Some people may choose to have genetic testing to understand their risk of developing breast cancer especially when there is a history of breast cancer in the family. Two of our advanced breast cancer advocates talk about their experiences and the impact on their children and future planning for genetic testing.
Has your HCP ever mentioned genetic testing?
Have you gotten genetic testing done?
There's no history of any type of cancer in my family. I went through genetic testing, and I didn't test positive for any of the known genes that can lead to breast cancer. I'm the first one in the family, so my daughter gets to be the lucky one to go through all the testing when she becomes of age.
Genetic testing for family members with known risk factors is a tricky topic because, on one hand, being their mother, and knowing what's could happen next it's really scary. I don't want to ever have to see my children go through chemotherapy or surgery or get a diagnosis. At the same time, they're going to be adults. They own their bodies. I can't force them into anything, but I can certainly influence their decision. I've had many conversations with my oncologist about this topic. Unless something significant changes in the next 8 to 10 years I see it as a rite of passage for them to be tested for the BRCA gene likely in their early 20s. Often women are now being diagnosed when they are young. If either of my daughters' tests are positive, I'm going to strongly encourage them to get a prophylactic bilateral mastectomy so that they can avoid having to deal with a breast cancer diagnosis.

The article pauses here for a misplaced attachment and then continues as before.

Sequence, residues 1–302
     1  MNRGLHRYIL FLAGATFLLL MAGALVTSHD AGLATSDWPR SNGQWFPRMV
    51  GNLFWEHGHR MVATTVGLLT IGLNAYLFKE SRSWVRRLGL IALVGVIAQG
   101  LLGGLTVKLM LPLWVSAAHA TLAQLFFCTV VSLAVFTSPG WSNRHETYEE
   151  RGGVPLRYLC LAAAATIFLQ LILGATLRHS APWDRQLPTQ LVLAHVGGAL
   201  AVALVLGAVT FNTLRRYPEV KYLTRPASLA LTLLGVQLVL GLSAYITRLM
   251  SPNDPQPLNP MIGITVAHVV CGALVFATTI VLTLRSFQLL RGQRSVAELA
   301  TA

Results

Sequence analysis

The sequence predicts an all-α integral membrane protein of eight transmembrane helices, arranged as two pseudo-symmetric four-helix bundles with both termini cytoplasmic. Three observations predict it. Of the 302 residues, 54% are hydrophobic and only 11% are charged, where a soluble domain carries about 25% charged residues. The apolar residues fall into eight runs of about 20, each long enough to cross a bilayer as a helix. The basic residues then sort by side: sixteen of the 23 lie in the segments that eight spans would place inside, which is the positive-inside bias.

Preventative bilateral mastectomy
Do you know what the good news is? The good news is there is this wonderful community they call themselves previvers that have decided to have a preventative bilateral mastectomy. I'm comforted knowing that there's a community of big sisters out there for my girls that will be able to support them through that process because I didn't take that route.
If you have not gotten genetic testing done, what was the reason?
If you have children, would you encourage genetic testing?
Have you gained new friends in your metastatic cancer journey?